It's rare that a tea party group ever has good things to say about Mother Jones, which most grassroots conservatives seem to view as the leading voice of pot-smoking godless communists. But Wednesday, the founder of the Nashville-based Tea Party Nation, Judson Phillips, sent out an email responding to a 3-part Mother Jones investigation of a rival tea party group, Tea Party Patriots, noting that we had uncovered some "unpleasant details" about TPP's financial management. While many other conservative outfits and TPP loyalists have dismissed the allegations raised in the story as the work of the liberal media, Phillips takes them seriously, saying, "Just because they are liberal does not mean they are not right." That's about as close to a compliment as we're ever likely to get from him.
The reason for the semi-kind words is that Phillips has also heard some of the "rumblings of dissatisfaction" from local tea party activists about problems with TPP management and has found them to be legitimate. He acknowledges that there is no love lost between the two groups, writing, "We have never appreciated their arrogance, their claim they are the 'official home of the Tea Party movement', nor the way they have treated people." Phillips says that his group decided initially not to create its own local chapters for fear of causing more dissension in the movement by competing with TPP, suspecting that the tea party movement could only handle so many local grassroots groups. Instead, Tea Party Nation has stuck to holding (unsuccessful) conventions and managing a website. Meanwhile, Phillips writes, "we have watched Tea Party Patriots move from being a grass roots organization to being a slick, inside the beltway organization, indistinguishable from groups like Freedomworks."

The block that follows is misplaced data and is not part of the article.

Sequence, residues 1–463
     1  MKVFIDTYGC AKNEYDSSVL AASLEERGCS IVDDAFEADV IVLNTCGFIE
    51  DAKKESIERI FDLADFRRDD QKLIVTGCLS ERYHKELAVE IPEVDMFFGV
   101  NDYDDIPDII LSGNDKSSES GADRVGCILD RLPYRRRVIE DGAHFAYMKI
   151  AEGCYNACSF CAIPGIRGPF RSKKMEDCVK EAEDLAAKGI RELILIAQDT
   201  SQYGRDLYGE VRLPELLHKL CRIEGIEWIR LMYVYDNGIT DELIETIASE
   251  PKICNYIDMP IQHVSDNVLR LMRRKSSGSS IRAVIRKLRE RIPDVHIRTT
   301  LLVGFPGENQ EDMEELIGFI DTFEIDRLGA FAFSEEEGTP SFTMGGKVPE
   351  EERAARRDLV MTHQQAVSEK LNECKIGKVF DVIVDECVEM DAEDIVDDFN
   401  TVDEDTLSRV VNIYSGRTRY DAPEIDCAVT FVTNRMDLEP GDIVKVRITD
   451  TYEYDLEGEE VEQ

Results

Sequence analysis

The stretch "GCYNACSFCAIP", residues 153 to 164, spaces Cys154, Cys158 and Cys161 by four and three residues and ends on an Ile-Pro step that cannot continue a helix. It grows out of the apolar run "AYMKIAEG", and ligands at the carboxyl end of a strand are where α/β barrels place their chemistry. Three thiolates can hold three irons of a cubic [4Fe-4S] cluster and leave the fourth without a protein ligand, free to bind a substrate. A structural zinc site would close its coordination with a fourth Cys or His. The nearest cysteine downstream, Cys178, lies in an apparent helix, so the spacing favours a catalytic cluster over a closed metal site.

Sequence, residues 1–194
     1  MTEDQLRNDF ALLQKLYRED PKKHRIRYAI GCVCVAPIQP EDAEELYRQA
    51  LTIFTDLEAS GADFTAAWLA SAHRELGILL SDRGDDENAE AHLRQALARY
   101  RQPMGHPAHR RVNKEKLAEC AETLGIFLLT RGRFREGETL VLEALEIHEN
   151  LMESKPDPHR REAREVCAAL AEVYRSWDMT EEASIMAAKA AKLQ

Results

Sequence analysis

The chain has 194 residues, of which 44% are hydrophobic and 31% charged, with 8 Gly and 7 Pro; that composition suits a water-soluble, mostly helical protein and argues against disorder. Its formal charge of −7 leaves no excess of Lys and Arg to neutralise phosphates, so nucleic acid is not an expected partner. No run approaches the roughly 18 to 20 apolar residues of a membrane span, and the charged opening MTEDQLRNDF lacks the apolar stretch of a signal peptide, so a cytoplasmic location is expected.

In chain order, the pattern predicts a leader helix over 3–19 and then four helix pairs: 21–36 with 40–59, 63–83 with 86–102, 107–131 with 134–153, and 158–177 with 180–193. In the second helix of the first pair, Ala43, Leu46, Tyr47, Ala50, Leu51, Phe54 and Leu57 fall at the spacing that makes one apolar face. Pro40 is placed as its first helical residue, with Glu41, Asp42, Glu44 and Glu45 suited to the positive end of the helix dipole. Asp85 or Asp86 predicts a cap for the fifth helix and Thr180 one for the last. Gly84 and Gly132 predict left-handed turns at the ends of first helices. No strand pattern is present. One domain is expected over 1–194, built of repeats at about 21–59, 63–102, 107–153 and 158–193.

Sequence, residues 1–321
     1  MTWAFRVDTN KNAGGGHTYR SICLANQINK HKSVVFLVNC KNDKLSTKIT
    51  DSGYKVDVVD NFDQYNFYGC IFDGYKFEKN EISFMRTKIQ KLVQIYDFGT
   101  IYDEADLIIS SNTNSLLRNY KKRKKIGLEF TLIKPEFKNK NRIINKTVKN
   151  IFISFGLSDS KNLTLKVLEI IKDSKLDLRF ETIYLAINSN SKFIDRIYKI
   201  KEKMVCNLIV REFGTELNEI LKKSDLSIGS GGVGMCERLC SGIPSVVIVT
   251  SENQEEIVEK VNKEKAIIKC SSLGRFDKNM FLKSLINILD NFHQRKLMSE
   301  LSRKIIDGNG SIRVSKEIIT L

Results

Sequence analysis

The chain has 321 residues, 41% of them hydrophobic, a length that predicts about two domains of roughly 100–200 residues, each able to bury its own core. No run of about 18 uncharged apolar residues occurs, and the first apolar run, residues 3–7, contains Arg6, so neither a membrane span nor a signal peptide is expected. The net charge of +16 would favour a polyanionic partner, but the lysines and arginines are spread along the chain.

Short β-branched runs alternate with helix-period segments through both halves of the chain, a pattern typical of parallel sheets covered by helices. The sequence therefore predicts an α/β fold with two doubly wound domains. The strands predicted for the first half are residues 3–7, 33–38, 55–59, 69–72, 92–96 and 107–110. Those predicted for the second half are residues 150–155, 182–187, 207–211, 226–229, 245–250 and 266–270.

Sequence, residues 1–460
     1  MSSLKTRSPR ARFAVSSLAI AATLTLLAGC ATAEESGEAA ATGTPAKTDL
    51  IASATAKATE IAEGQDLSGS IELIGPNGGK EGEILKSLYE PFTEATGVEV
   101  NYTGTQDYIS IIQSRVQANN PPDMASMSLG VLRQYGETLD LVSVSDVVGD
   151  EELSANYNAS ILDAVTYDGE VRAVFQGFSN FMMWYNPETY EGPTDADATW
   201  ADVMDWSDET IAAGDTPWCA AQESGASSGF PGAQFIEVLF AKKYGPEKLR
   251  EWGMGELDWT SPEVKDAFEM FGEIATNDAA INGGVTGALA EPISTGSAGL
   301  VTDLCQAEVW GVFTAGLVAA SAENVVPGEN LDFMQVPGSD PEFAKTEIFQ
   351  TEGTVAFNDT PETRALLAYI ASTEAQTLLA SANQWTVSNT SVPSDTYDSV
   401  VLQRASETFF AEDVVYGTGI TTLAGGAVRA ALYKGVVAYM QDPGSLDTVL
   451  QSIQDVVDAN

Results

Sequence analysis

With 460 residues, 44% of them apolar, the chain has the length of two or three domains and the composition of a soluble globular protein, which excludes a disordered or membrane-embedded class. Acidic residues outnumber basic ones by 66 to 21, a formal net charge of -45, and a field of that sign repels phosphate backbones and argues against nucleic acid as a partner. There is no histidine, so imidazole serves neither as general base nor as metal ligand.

Phillips has been complaining for a while now that the tea party movement was going mainstream and turning into "Big Tea." But now that it looks like TPP could be in trouble, Phillips has decided to jump into the fray and start some competing local tea party organizations to give local activists an alternative to TPP. The first one has already gotten off the ground at Brandeis University. And in these new groups, Phillips notes, Tea Party Nation's national leaders will never ask for them to turn over their email lists—a direct jab at TPP's unpopular practice of trying to vacuum up the contact lists of its local affiliates for its own fundraising purposes. Of course, he doesn't mention that it's virtually impossible to read anything on the Tea Party Nation website without logging in with an email address. But still, Phillips isn't pulling any punches. Let the tea party civil war begin!